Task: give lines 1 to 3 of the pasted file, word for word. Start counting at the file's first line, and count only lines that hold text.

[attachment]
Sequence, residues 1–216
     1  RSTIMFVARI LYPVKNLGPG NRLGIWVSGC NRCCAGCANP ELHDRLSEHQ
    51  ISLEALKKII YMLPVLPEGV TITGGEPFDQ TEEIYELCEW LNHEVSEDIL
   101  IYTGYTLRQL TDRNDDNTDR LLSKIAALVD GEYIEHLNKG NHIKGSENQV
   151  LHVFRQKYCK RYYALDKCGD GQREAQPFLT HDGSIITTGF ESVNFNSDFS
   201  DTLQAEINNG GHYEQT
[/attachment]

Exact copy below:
Sequence, residues 1–216
     1  RSTIMFVARI LYPVKNLGPG NRLGIWVSGC NRCCAGCANP ELHDRLSEHQ
    51  ISLEALKKII YMLPVLPEGV TITGGEPFDQ TEEIYELCEW LNHEVSEDIL